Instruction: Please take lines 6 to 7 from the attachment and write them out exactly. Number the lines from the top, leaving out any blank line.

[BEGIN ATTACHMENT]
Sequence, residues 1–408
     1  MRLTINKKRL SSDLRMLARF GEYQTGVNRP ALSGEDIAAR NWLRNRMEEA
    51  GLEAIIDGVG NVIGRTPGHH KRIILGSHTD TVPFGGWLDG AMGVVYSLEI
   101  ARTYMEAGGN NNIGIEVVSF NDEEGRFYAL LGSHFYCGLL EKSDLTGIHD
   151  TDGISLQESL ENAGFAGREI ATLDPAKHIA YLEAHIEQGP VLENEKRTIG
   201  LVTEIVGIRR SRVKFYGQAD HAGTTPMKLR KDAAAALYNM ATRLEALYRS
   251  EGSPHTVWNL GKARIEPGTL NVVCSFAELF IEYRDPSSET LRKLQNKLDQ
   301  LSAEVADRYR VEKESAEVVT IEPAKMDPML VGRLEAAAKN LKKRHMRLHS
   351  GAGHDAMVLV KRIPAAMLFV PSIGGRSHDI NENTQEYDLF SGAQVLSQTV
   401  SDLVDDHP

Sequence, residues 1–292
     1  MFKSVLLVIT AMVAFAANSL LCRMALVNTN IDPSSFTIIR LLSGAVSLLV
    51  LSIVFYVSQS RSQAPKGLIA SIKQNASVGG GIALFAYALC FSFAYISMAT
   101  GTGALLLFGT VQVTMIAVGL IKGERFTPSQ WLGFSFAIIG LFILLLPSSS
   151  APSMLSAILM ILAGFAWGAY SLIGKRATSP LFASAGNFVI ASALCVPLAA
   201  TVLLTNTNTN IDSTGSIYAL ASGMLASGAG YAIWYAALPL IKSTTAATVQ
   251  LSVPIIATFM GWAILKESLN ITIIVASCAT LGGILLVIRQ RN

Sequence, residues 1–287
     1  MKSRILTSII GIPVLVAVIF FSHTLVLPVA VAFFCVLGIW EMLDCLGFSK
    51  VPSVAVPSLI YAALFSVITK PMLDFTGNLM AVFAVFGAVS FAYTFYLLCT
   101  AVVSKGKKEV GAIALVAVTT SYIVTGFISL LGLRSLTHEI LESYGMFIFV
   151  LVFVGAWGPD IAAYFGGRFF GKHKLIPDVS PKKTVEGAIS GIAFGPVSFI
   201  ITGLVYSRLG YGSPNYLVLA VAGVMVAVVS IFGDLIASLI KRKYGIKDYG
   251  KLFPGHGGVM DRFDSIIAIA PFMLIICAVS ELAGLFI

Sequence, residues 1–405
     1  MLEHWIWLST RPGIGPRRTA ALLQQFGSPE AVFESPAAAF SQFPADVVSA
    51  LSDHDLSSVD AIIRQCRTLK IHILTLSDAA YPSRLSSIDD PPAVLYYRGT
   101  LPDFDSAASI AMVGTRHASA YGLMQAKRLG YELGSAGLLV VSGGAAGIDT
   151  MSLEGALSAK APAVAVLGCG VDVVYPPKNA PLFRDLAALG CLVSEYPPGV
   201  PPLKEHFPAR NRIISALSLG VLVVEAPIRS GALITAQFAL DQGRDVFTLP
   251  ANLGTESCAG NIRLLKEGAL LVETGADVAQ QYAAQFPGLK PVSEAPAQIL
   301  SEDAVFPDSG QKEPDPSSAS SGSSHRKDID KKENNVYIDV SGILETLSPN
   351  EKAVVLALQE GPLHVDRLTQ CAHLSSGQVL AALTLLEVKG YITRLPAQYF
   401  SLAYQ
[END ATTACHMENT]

   201  LVTEIVGIRR SRVKFYGQAD HAGTTPMKLR KDAAAALYNM ATRLEALYRS
   251  EGSPHTVWNL GKARIEPGTL NVVCSFAELF IEYRDPSSET LRKLQNKLDQ